Greater London Authority
Radioactive Waste Trains Investigative Committee investigative review
Transportation of Radioactive Waste by Train through London
Evidence on behalf of the Nuclear Free Local Authorities’ Steering Committee
The NFLA consist of some 99 local authorities in England, Scotland, Wales and Northern Ireland. Many of their areas are traversed by railway lines which carry radioactive waste, including spent nuclear fuel. Authorities do not have powers to prevent these transports but work to make them unnecessary. They welcome the GLA inquiry.
We understand that the review will focus on emergency planning and trackside contamination and contributors are asked to consider three areas:
(i) Why should the transportation of radioactive waste concern Londoners?
(ii) Is there an alternative to transporting radioactive waste by train?
(iii) Other issues they wish to raise.
This submission assumes a critical distance between the GLA enquiry and the LFEPA. Its recommendations may therefore involve the GLA (qua enquiry) asking itself (qua LFEPA) questions.
We believe that it would be useful for the Committee to have an understanding of the legal framework governing these transports. We hope this will assist the Committee to explore specific avenues of inquiry.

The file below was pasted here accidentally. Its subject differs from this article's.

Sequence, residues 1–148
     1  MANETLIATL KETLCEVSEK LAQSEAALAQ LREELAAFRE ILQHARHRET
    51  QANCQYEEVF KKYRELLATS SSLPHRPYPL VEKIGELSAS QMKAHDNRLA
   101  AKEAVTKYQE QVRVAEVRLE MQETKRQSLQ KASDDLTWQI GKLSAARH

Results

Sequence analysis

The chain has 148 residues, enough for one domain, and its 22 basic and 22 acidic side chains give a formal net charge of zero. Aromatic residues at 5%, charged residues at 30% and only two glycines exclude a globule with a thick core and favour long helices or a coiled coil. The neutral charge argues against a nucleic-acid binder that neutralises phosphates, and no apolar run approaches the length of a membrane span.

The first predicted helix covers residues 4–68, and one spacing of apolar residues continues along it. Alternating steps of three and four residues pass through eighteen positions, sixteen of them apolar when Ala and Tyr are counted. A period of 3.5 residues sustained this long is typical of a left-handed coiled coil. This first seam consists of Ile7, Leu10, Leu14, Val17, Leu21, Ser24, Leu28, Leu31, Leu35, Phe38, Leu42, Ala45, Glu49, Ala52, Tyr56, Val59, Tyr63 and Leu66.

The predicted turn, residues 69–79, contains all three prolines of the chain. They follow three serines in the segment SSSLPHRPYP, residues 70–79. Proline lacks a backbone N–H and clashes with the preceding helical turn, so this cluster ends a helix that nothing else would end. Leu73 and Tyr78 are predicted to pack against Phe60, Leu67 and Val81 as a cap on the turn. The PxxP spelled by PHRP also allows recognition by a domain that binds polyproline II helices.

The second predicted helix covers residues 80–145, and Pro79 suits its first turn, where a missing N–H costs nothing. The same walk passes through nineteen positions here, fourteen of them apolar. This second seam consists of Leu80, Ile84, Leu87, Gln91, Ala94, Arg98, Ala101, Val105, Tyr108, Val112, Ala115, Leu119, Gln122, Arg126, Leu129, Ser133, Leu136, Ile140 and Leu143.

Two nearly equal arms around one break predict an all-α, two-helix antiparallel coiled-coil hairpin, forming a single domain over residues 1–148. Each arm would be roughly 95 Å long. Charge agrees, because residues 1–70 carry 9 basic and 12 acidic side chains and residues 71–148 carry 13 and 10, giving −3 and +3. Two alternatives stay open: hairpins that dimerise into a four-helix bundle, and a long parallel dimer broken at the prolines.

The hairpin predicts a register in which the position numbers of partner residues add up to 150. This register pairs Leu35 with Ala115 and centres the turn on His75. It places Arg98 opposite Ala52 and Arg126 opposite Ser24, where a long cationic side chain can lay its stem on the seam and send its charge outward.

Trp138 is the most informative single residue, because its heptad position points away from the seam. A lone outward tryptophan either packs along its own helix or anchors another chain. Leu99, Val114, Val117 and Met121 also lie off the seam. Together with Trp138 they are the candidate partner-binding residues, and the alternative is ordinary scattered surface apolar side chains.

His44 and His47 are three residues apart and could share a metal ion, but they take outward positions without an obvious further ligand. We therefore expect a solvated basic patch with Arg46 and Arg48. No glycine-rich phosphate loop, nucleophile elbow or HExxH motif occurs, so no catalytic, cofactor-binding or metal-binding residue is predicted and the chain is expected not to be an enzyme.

This submission considers the following issues
After each issue, recommendations to the Committee are made.
The safety of railway and other workers and the London public is intended to be protected by three general principles of radiation protection law which therefore apply to transport operations of radioactive materials. These three principles derive from EU law.
Principle 1: Justification
The first principle is known as "justification". Transport activities commencing before 13th May 2000 resulting in exposure to ionizing radiation were required under European Union law to be justified in advance by the advantages which they produced. It is quite possible that the transport of spent fuel through London has never been subject to a formal process of justification as required by law. Successive British Governments, in breach of EU law, failed to give this EU legal requirement legislative force in the UK. It has however been recognised and enforced by the courts in the context of site specific activity.
From 13th May last year a new Directive has replaced the earlier Directive and its provision on justification. Contrary to EU law, the new provisions relating specifically to justification have also not yet been transposed into UK law. Nevertheless competent national authorities such as DETR, HSE, GLA and the courts are obliged to comply with EU Law.